gathering instruments

gathering instruments

Week 2 – Data Gathering Instruments
As you consider the construction of your data gathering instruments, use the following questions and explanations by Sagor (2005) to guide you. (Hint: if you are going to conduct a survey, you need to create the survey form. If you are going to use an interview process, you need to create the interview questions.)
What are the three data sources?
Do I need a matrix for data triangulation?
Is the process clear enough that my students (clients) can understand it?
When collecting and analyzing data, action researchers can do a great deal to ensure the validity and reliability of their findings by using a process called triangulation. The term triangulation refers to the use of multiple independent data sources to corroborate findings. The purpose and necessity of corroboration is the same for the action researcher as it is for the trial lawyer. A trial lawyer knows that to convince a jury of the accuracy of a legal theory, it helps to have more than one witness; the more individual witnesses whose testimony supports the theory, the more credible the theory becomes. (Sagor, 2002, p. 16-18)
Educational action researchers usually have a wide variety of data sources available to them. Some of the most common sources are the following:

Existing data
School/teacher records
Referrals to the principal
Attendance records
Classroom behaviors (talk outs/negative behaviors)
Number of detentions (per student)
Number of suspensions (per student)
Student work/portfolios
Observation data
Diaries, logs, journals
Rating scales/rubrics
Data obtained by shadowing students through the school day
Focus groups
The researcher will describe the instruments and data gathering techniques used. The author must establish criteria for selecting the data as they relate to the scope of the problem, and the breadth and depth of the study should fit into the 1 to 2 week time frame of the project.

A helpful tool for planning data collection and triangulation is a triangulation matrix—a simple grid that shows the various data sources that will be used to answer each research question. The matrix provides the action researcher with some assurance that the potential for bias (which is always present whenever a single source of data is used) won’t take on undue significance. Figure 2.3 illustrates how a completed triangulation matrix for my study on student editing might look.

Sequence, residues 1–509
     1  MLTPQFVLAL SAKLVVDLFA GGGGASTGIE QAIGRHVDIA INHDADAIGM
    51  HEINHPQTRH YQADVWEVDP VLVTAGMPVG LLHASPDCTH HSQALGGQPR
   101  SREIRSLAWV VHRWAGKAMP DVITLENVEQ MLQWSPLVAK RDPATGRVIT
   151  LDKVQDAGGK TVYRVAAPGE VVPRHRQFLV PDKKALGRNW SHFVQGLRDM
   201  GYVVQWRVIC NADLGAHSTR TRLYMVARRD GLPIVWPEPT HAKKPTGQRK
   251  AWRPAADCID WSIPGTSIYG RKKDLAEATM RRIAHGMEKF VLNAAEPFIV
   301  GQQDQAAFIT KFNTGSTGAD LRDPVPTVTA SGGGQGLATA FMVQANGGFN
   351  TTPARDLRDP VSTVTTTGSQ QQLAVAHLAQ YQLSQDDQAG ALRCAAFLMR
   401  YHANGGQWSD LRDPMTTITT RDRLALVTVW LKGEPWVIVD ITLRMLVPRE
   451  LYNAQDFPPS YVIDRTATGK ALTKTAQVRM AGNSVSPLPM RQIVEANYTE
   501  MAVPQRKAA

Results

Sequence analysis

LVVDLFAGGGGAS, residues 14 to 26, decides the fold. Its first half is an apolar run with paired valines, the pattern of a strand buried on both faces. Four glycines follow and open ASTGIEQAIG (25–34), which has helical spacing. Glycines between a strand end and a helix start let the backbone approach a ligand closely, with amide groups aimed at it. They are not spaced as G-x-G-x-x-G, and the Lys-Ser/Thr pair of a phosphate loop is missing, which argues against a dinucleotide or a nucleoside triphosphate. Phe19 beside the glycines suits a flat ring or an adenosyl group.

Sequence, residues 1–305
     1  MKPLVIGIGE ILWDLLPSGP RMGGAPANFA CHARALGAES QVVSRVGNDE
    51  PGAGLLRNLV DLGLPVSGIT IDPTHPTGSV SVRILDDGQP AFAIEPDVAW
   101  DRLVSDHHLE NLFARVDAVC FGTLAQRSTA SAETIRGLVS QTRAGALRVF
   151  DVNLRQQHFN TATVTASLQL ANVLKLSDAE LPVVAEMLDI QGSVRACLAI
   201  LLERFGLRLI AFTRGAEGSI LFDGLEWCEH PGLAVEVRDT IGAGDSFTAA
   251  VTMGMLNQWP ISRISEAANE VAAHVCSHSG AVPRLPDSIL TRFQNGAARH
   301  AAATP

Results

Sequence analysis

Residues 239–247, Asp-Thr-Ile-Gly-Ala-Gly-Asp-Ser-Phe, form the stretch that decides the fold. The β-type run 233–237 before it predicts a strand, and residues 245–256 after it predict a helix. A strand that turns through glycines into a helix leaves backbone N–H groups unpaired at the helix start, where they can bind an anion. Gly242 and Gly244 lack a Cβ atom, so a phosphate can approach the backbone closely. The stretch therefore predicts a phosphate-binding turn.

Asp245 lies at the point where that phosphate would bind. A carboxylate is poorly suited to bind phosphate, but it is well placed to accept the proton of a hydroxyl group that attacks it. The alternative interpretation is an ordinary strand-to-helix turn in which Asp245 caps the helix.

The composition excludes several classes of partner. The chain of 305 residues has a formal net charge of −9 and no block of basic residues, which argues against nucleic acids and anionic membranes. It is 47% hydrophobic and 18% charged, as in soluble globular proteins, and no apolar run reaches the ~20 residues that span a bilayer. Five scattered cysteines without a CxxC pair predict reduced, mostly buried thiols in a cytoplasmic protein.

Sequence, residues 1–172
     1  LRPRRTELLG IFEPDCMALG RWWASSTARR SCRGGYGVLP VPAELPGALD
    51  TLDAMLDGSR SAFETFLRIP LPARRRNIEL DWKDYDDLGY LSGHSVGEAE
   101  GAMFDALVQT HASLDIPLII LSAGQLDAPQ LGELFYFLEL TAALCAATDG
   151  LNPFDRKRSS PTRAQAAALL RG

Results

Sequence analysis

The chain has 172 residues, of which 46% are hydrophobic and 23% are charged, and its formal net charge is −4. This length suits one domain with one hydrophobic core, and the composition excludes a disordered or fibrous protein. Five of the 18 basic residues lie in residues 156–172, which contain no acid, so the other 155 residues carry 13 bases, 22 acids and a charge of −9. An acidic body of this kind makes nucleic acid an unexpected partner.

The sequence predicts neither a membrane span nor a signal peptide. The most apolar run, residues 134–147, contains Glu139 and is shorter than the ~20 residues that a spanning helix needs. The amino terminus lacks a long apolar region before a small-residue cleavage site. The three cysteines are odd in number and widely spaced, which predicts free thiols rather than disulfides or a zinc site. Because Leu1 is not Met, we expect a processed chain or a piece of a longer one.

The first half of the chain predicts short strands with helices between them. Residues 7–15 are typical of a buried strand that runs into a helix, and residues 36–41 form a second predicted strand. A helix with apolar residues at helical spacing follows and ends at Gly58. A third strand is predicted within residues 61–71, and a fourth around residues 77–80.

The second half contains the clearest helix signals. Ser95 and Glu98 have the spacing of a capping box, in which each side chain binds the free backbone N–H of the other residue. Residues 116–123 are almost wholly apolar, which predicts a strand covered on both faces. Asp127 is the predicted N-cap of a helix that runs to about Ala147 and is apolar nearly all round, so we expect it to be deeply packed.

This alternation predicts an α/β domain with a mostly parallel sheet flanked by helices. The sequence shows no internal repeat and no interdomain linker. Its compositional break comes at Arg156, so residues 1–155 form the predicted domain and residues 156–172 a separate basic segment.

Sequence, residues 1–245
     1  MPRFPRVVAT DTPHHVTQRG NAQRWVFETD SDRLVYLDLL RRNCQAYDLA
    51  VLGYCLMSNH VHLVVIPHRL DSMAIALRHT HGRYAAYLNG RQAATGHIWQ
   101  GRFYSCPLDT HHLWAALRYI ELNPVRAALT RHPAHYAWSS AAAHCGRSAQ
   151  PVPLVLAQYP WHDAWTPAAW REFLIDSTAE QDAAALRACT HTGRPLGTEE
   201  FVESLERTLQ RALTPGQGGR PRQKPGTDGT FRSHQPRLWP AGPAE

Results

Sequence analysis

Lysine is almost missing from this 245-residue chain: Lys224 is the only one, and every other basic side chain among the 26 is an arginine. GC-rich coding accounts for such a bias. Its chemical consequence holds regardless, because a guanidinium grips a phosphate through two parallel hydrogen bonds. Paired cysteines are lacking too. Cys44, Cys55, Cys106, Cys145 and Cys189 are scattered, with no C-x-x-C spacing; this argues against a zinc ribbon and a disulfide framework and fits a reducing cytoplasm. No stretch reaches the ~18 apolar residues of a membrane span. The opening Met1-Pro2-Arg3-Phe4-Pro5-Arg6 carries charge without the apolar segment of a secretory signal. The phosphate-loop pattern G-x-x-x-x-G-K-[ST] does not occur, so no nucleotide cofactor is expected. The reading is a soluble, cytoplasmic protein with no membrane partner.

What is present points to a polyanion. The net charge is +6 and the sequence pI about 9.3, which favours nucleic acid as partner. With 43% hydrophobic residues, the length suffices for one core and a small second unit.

Figure 2.3. Triangulation Matrix—Study on Student Editing

Research Question
Data Source #1
Data Source #2
Data Source #3
What is the relationship between student enjoyment of writing and the quality of their editing?
Student survey
Analysis of first, second, and final drafts
Comparison with work on previous assignments
In what ways will providing students with a copy of a scoring rubric impact the quality of their finished papers?
Student interviews
Contrast between revisions made in assignments without rubrics and ones with rubrics
Third-party assessments of finished products
To what extent are the finished papers different when students use peer editors?
Student interviews
Contrast between revisions made in assignments without peer editing and ones completed with peer editing
Third-party assessments of finished products
From: Sagor, R. (2002). Guiding school improvement through action research. Alexandria, VA: ASCD. p. 8-16

During data analysis, the teacher researcher engages in a systematic effort to search for patterns or trends in the data. There are many ways to accomplish this. Regardless of the particular technique employed, during the analysis phase the researcher tries to systematically cut, sift, and sort the data into piles of like or similar objects. The key purpose of this systematic sorting and categorizing is to assist in answering the following two questions:
What is the story told by my data?
What might explain this story?
Once the researcher believes the process has resulted in adequate answers to those two questions, it is time for one final return to the graphic reconstruction. This time the researcher takes a critical look at the initial Action Research goal and asks how it may need to be revised based upon the analysis of the data (Sagor, 2002, p. 8-16).

What data gathering have you selected and what instruments have you constructed? Post data gathering selections and instruments you have created.